What is editing film scans? Editing film scans is the same as editing a digital file except you have less control about the final outcome of the images due to you are usually working with Jpeg or Tiff files unlike when you are editing digital files where the images are raw files. The main downside to this is that is hard to recover any details in the shadows or the highlights because of this you need to make sure you meter for the shadows or the subject correctly.
Once you have scanned your film in open adobe Photoshop. For this instance i will be using Photoshop cs6 extended.
The first thing I do is go into image – adjustments – shadows and highlights.
By adjusting the shadows and highlights you can bring up the brightness of the image without having to compromise the image quality. The settings on the right hand side is the changes I have made this image. I always crush the highlights and bring up the shadows to complement the overexposed look.
The next step is to adjust the white balance, we can do this by selecting image at the top again than going clicking adjustments then colour balance.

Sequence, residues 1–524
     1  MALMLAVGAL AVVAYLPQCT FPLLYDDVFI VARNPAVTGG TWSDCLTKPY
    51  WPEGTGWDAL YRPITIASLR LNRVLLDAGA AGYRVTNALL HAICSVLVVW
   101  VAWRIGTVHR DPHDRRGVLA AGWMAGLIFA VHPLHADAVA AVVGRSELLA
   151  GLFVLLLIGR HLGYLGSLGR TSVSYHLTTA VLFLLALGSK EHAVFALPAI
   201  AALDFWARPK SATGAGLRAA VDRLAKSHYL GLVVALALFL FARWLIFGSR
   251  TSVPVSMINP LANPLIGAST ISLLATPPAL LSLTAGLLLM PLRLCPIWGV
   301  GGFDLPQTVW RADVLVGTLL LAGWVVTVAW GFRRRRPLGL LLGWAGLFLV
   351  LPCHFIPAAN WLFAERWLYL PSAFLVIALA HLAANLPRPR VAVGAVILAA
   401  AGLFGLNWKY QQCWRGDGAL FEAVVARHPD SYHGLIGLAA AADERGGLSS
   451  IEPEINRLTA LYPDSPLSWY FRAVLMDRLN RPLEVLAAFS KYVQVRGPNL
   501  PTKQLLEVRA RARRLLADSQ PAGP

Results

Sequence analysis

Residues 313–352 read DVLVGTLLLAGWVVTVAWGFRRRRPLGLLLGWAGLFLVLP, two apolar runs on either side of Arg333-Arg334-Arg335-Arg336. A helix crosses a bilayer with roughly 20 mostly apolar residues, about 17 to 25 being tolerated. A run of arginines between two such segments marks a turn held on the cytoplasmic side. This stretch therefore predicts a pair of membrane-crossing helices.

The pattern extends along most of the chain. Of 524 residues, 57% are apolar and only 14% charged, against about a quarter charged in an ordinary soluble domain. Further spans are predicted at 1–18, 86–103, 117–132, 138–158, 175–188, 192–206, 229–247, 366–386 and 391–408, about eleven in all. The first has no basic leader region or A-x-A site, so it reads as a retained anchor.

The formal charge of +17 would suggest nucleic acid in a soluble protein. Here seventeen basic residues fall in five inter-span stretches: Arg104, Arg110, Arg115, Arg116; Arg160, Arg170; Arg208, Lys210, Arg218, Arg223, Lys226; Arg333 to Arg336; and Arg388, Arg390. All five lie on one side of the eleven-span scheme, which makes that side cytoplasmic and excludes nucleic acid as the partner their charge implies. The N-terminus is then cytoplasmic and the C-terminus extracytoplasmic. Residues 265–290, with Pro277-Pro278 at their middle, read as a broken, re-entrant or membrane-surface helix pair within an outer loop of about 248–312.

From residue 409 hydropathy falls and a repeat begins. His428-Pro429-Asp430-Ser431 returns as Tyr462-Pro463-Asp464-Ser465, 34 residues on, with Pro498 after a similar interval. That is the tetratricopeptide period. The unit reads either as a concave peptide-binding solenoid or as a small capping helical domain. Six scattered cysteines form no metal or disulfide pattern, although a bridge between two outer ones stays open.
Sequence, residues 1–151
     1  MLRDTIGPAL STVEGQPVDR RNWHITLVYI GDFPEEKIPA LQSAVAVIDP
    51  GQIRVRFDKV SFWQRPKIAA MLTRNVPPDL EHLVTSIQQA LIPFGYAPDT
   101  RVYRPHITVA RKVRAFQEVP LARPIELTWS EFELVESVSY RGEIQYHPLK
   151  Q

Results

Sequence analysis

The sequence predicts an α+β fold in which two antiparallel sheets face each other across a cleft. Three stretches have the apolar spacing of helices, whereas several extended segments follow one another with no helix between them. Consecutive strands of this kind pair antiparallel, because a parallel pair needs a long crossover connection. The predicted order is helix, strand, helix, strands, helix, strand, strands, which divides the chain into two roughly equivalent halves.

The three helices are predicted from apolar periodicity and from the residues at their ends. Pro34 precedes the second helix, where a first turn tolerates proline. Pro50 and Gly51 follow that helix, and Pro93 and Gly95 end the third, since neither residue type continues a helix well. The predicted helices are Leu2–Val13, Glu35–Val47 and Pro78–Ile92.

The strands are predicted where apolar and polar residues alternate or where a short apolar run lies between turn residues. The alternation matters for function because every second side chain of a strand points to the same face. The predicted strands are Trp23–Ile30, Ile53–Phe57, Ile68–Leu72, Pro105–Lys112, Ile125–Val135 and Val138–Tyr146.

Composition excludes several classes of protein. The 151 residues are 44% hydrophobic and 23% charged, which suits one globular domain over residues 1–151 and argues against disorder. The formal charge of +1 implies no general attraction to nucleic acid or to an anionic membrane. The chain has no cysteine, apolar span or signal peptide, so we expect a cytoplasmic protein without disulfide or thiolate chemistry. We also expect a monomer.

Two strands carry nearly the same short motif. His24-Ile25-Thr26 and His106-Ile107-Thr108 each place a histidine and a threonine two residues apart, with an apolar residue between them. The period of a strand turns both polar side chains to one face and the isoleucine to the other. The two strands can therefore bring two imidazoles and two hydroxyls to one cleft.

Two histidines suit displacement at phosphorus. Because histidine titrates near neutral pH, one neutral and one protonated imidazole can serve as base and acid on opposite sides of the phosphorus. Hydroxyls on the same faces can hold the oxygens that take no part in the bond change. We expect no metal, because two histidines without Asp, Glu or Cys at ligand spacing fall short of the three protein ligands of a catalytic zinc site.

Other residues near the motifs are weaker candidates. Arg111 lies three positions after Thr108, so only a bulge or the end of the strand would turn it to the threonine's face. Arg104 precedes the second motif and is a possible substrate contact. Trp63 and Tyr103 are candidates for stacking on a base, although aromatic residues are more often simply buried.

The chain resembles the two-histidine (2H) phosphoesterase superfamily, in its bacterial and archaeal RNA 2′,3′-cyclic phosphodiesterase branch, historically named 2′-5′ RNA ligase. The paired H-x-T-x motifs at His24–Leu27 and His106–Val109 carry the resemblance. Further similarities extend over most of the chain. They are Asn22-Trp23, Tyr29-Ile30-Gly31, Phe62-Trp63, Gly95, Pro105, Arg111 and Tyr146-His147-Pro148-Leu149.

Every images white balance is different due to different lighting and how your lens takes colour. By adjusting the shadows I have balanced out the previous blue shadows and have turned them a natural black.
By adjusting the midtones I am changing the skin colour, as you can see from the orignal image the skin tones are quite red to balance this I am adding more blue to the midtones.
Turning the highlights slightly more cyan is going to help with the reddish skin.
The last step is to slightly sharpen the image we can do this by going into filter – sharpen -smart sharpen by doing this we can choose the area we want to sharpen, the area I want to sharpen is his face.
By adjusting the amount it will change how sharp the image is and the radius will change the area affected by sharpening, the smaller the radius the less grain/noise will be visible.
Taken with a Leica M5 + Jupiter 8 50mm f2
Shot at f8 1/500th on Kodak Portra 400
Scanned and developed by Max Speilman